The Rise and Fall of the Boeing 747

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Podcast Transcript

Introduced in 1968, the Boeing 747 totally revolutionized commercial air transportation. It was more than twice the size of the next closest passenger plane, and it brought air travel to a much wider audience.

Not only did it help democratize air travel, but the plane’s unique features also added a new element of style and luxury to the jet age. 

In addition to carrying passengers, it has also served as an important cargo aircraft, and it has even served as Air Force One.

Learn more about the Boeing 747 on the 747th episode of Everything Everywhere Daily. 


Today, air travel is relatively affordable, and it is something that is within the grasp of many people. Even if it doesn’t seem like it, air travel today is much cheaper and more democratic than it was in the 1950s and 60s.

Back then, flying by air was relatively expensive, which is why so few people did it. People who traveled by air became known as the ‘jet set’, which became a euphemism for the wealthy. 

However, the ‘jet set’ is something you almost never hear anymore because everyone is part of the jet set. Airlines like Ryanair, Southwest, Spirit, EasyJet and a host of other airlines have made air travel available for everyone. 

One of the first major steps in that transition of democratizing travel was the development of the 747. 

The origins of the 747 actually began with a government contract for a large military cargo aircraft. 

In 1963 the United States Air Force put out a request to aircraft manufacturers for a cargo jet that was larger than the C-141 Starlifter. The new project was called the CX-Heavy Logistics System, and the Air Force required that the plane have a capacity of 180,000 pounds, a top speed of March 0.75, and a range of 5,000 miles or 9,000 kilometers. 

There were also requirements for the size of the payload bay, and the plane had to be able to be loaded from doors in both the front and the rear. 

The Air Force also requested that the number of engines on the plane be limited to four. 

In addition to designing a whole new plane, this would also require a whole new type of engine. 

In the end, Boeing didn’t get the contract. It was awarded to Lockheed, and the cargo aircraft became the C-5 Galaxy, which is still in service today.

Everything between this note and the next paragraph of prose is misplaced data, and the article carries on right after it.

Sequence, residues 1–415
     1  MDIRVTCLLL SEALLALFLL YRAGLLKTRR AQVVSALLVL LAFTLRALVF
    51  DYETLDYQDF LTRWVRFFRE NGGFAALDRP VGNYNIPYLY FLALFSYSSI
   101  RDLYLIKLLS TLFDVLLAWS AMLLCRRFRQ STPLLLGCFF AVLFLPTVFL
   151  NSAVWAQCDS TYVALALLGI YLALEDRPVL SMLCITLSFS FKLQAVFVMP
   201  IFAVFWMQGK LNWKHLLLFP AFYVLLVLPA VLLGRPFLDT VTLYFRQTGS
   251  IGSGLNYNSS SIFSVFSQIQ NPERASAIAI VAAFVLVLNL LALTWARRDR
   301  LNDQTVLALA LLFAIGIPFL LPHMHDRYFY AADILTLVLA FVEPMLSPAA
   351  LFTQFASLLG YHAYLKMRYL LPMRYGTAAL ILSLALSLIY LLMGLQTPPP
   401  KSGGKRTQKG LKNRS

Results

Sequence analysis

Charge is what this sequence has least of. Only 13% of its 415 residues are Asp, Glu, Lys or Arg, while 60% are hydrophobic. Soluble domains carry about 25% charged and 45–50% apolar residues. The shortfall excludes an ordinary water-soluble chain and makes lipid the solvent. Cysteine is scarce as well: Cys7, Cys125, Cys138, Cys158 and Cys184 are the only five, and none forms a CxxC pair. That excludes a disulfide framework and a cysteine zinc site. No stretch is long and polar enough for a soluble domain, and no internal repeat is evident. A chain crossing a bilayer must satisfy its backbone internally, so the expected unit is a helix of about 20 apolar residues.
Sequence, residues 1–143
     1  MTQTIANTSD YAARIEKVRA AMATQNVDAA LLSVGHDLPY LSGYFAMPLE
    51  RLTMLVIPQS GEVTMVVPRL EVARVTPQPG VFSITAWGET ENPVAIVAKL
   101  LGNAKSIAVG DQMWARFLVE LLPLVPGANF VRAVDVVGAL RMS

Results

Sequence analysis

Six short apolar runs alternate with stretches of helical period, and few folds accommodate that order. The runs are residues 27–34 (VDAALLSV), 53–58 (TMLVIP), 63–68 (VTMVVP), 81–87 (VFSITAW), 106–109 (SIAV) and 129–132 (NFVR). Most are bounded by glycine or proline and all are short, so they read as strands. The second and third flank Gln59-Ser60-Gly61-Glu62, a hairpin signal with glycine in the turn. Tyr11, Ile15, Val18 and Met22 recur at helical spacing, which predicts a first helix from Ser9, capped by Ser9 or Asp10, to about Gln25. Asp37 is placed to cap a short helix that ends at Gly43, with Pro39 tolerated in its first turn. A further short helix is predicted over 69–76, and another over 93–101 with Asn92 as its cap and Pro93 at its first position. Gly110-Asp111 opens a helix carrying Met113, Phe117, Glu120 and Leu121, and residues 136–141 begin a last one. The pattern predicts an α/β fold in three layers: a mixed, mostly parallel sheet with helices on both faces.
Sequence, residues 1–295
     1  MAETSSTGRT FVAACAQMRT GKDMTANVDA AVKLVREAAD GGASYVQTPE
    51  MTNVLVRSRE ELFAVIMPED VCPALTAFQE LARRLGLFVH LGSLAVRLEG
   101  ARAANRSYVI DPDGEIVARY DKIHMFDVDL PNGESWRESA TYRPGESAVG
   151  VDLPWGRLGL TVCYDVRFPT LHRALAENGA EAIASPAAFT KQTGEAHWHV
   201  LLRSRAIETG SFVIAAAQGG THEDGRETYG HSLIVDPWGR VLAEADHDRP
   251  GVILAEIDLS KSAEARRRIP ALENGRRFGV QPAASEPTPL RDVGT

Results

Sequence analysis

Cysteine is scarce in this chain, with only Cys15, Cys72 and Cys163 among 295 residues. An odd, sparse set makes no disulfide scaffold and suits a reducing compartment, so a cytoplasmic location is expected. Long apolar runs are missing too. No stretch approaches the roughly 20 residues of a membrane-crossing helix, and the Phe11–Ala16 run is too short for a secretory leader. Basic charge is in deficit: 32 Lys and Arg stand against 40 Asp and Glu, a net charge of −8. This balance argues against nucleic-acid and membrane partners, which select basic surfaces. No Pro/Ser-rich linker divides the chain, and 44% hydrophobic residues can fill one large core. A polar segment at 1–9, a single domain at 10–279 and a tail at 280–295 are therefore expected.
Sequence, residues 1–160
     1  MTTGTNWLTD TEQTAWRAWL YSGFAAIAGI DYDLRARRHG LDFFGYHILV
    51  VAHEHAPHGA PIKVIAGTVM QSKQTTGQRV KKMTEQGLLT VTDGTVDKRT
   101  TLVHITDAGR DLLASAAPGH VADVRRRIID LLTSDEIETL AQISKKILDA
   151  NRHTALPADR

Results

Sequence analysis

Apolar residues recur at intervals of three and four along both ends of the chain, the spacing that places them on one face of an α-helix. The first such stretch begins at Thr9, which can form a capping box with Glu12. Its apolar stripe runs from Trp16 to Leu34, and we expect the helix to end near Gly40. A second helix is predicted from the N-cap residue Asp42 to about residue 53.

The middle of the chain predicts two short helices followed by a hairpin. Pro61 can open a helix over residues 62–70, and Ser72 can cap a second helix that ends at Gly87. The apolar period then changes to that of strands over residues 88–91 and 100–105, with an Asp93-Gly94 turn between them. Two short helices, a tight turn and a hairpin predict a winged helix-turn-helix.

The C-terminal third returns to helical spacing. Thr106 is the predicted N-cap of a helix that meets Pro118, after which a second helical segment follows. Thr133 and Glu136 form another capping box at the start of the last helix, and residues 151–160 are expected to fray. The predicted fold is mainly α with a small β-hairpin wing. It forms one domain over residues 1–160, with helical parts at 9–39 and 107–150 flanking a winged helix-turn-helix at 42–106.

Boeing didn’t let the work they did on the CX-Heavy Logistics System go to waste. 

Even before the Air Force cargo plane contract, Boeing had been approached by the president of PanAm Airlines, Juan Trippe, to create a passenger aircraft that would be 2.5x larger than the current Boeing 707 and DC-8, which were the most commonly used passenger jets of the era. 

The 707 could, depending on the configuration, carry about 140 passengers. The DC-8 could seat about 189. 

Trippe thought that a larger aircraft could relieve the airport congestion caused by so many smaller planes, as well as be more cost-efficient for the airlines. 

Boeing took many of the ideas from their CX-Heavy Logistics System bid and put it into this new aircraft which had been given the model number 747. 

The initial plan was to put in two totally separate levels for passengers. This idea was ultimately scrapped because of the difficulty in implementing the legal requirement whereby all passengers had to be able to exit the aircraft within 90 seconds. 

The double-decker concept was scrapped not only because of the safety issue but because it would make it difficult to use as a cargo aircraft. Instead, they went with a single passenger deck with a wider body.

The requirement to put a hinge on the nose of the aircraft to allow for front-loading from the original Air Force bid was still something Boeing still wanted to pursue, so they put the cockpit above the passenger area and just behind where the hinge would be on a cargo version plane. 

This is why the 747 has its distinctive hump near the front of the plane. 

Despite PanAm’s request for a large passenger jet, the management at Boeing didn’t think that the 747 was going to be used for passenger flight for very long. Everyone assumed in the late 60s that the future of passenger air travel was going to be supersonic aircraft. 

Hence, they thought most passenger 747s would probably be converted to cargo aircraft eventually, so they had to plan for that. 

The first version of the 747 was the 747-100. If configured for one seating class, it could fit 539 passengers. 

It had a wing span of almost 60 meters or 197 feet. The top of the tail stood 22.17 meters or almost 73 feet. The length of the fuselage was 70.6 meters or 231 feet. 

It could take off with a maxim of 340,000 kilograms or 750,000 pounds, Fly at 991 kilometers per hour, or 616 miles per hour, and it had a maximum range of 9,000 kilometers or 5,600 miles. 

By every measure I just listed, it would be the largest passenger aircraft in the world by a wide margin. 

To lift all of this, it required brand new engines. These would be the new JT9D high-bypass turbofan engines designed and built by Pratt and Whitney. These were the first high-bypass jets used in commercial aviation, and they were radically more fuel efficient than anything which had come before it. 

PanAm, the airline that originally suggested the plane, had been involved in the entire design process. In 1966, they signed a contract for 25 747-100 aircraft at a cost of $525 million dollars, which would be worth over $4.8 billion dollars today. 

With a customer lined up and with a design in hand, the next big problem was where do you build such a huge aircraft?

The answer was to construct the largest building in the world by volume, the Boeing Factory in Everett, Washington. 

Construction of the first 747 required a whole new set of techniques that had never been used before. They had to develop a mock of the cockpit at the correct height to let pilots practice taxiing because most pilots had never had to taxi something this large before. It was called  “Waddell’s Wagon” after the Boeing test pilot who suggested it.

They had to create a full-scale mock-up of the plane to test evacuations.